Lifestyle intervention in men with advanced prostate cancer receiving androgen suppression therapy: a feasibility study.

Bourke, Liam, Doll, Helen, Crank, Helen, Daley, Amanda, Rosario, Derek J. and Saxton, John (2011) Lifestyle intervention in men with advanced prostate cancer receiving androgen suppression therapy: a feasibility study. Cancer Epidemiology, Biomarkers and Prevention, 20 (4). pp. 647-57. ISSN 1538-7755

Full text not available from this repository.
Official URL: http://dx.doi.org/10.1158/1055-9965.EPI-10-1143

Abstract

BACKGROUND

Healthy lifestyle behaviors could have a role in ameliorating some of the adverse effects of androgen suppression therapy (AST) in men with prostate cancer. The primary aim of this study was to assess the feasibility of a tapered supervised exercise program in combination with dietary advice in men with advanced prostate cancer receiving AST.

METHODS

Advanced prostate cancer patients receiving AST for a minimum of 6 months were randomized to a 12-week lifestyle program comprising aerobic and resistance exercise, plus dietary advice (n = 25), or standard care (n = 25). Exercise behavior, dietary macronutrient intake, quality of life, fatigue, functional fitness, and biomarkers associated with disease progression were assessed at baseline, after the intervention, and at 6 months.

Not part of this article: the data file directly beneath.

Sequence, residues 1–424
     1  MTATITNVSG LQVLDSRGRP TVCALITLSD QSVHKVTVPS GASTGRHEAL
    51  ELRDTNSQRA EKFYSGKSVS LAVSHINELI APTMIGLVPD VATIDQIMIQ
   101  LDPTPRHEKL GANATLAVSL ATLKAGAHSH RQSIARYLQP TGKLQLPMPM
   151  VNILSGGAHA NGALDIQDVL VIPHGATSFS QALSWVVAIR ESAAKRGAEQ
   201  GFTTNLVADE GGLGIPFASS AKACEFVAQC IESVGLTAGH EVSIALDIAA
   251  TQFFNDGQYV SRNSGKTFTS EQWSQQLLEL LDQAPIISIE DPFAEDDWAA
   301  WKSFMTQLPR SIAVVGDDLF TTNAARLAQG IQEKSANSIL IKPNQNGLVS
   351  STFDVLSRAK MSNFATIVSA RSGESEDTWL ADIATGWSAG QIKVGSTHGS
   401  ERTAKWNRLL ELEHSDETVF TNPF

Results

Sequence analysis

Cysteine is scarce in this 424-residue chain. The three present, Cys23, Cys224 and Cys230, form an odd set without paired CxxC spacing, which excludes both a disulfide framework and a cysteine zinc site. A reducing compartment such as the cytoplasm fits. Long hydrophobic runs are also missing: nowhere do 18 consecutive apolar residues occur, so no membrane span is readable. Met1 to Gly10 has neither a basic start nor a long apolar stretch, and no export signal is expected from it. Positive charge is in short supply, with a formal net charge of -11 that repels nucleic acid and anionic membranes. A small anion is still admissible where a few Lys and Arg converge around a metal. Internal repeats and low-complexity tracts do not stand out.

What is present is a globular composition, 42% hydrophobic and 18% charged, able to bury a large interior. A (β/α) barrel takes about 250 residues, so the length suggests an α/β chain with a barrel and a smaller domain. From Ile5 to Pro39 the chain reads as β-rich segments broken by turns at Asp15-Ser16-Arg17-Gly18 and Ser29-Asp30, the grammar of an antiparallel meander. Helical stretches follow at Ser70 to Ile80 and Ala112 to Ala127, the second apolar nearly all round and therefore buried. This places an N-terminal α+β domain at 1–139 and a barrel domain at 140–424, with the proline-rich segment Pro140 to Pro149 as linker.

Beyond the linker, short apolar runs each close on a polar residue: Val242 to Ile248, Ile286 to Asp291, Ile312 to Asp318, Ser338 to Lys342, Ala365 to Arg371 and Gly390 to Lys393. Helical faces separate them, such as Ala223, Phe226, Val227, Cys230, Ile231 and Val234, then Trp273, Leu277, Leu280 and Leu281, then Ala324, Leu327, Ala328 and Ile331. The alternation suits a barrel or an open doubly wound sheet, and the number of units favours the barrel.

RESULTS

The lifestyle group showed improvements in exercise behavior (P < 0.001), dietary fat intake (P = 0.001), total energy intake (P = 0.005), fatigue (P = 0.002), aerobic exercise tolerance (P < 0.001), and muscle strength (P = 0.033) compared with standard care controls. Although a high rate of attrition (44%) was observed at 6 months, the improvements in key health outcomes were sustained. No effects on clinical prostate cancer disease markers were observed.

CONCLUSIONS

This preliminary evidence suggests that pragmatic lifestyle interventions have potential to evoke improvements in exercise and dietary behavior, in addition to other important health outcomes in men with advanced prostate cancer receiving AST.

IMPACT

This study shows for the first time that pragmatic lifestyle interventions are feasible and could have a positive impact on health behaviors and other key outcomes in men with advanced prostate cancer receiving AST.

Item Type: Article
Subjects: A300 Clinical Medicine
Department: Faculties > Health and Life Sciences > School of Life Sciences > Sport, Exercise and Rehabilitation
Depositing User: John Saxton
Date Deposited: 01 Mar 2016 11:41
Last Modified: 17 Mar 2016 12:28
URI: http://nrl.northumbria.ac.uk/id/eprint/26212

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